I was reminded of a few different genres and stories as I read through this novel. I personally see this book, not as a sequel obviously, but a "mid-quel" to The Sound and the Fury. I recommend reading S&F first as you will be that much more prepared
Faulkner è uno scrittore estremamente complesso da affrontare, nel senso che i suoi libri non possono costituire un semplice passatempo, ma impegnano intellettualmente ed emotivamente il lettore, sottoponendolo ad un notevole sforzo di attenzione e di interpretazione.
In questo romanzo, come già in “L’urlo e il furore”, convivono, marcatamente contrapposti eppure armoniosamente gestiti, l’ossequio alla tradizione più classica e lo sperimentalismo più ardito.
Questo perché sotto il profilo temati
O my son Absalom, my son, my son Absalom! would God I had died for thee, O Absalom, my son, my son.

The title for this novel is taken from the Old Testament of the Bible. The story of King David and Absalom is about a son who rebels against his father and a brother who forcibly commits incest with his sister. Absalom!undertakes these same themes.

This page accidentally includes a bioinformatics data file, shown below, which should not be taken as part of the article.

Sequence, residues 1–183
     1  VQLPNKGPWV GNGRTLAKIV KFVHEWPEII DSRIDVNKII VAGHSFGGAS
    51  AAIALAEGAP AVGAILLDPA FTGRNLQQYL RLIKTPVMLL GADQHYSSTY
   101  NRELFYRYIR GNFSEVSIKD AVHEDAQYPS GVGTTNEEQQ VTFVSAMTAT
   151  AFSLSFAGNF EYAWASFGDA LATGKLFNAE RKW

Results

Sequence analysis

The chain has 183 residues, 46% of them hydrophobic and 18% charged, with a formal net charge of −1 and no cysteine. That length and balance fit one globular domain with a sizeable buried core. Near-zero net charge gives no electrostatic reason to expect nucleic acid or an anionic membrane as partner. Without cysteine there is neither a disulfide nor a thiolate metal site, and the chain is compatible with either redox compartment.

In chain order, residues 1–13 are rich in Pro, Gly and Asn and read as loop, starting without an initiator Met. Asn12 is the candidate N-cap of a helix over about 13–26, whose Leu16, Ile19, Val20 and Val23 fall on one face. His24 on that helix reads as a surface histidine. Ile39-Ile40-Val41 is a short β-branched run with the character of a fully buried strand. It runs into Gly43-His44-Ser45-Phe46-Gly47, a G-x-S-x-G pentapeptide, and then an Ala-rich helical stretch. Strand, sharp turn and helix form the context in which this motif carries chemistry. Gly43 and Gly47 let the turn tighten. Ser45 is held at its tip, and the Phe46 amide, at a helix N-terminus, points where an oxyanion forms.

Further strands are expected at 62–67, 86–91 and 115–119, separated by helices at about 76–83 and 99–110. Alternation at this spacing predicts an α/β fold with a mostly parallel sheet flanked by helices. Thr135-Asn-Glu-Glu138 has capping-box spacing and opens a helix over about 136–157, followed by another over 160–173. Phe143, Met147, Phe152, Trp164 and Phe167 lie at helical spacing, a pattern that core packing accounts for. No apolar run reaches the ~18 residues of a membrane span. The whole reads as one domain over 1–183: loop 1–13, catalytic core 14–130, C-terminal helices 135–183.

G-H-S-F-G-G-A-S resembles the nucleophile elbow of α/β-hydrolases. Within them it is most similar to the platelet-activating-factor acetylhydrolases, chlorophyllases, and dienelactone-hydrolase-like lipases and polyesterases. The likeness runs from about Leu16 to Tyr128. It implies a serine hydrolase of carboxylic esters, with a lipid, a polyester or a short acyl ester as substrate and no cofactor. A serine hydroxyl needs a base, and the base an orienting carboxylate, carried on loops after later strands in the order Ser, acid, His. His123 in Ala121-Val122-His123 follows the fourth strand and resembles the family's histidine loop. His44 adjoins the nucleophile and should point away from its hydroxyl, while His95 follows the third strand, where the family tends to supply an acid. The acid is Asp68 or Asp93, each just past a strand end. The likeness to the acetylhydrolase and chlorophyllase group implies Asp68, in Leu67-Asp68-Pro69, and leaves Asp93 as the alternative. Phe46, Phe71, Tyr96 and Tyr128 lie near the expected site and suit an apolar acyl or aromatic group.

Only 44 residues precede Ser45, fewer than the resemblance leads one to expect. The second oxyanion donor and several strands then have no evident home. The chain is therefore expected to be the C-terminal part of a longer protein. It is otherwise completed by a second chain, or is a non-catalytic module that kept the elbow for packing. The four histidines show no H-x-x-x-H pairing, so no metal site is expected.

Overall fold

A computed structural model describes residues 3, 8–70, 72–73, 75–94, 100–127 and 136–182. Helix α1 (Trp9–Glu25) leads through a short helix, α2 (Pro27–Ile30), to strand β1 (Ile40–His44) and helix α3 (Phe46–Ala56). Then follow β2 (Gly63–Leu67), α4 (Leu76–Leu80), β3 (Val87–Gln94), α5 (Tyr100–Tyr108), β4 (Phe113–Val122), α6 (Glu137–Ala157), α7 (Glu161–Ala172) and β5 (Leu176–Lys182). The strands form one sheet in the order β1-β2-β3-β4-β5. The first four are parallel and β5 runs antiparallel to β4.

Thomas Sutpen's deepest desire to be a great patriarchal figure at the head of a powerful dynasty stems from a humiliating experience as a teenager, wh
For me this book was both daunting and sublime in equal measure.

In Absalom, Absalom! Faulkner engages the reader in a dizzying display of literary chess. The first two chapters of this book (and the chapters are often quite long) border on being barely comprehensible, perhaps somewhat similar to a conversation between strangers that one might eavesdrop upon in public. Just as one is starting to feel some sense of readerly footing with the text or else give up on the book entirely, Faulkner will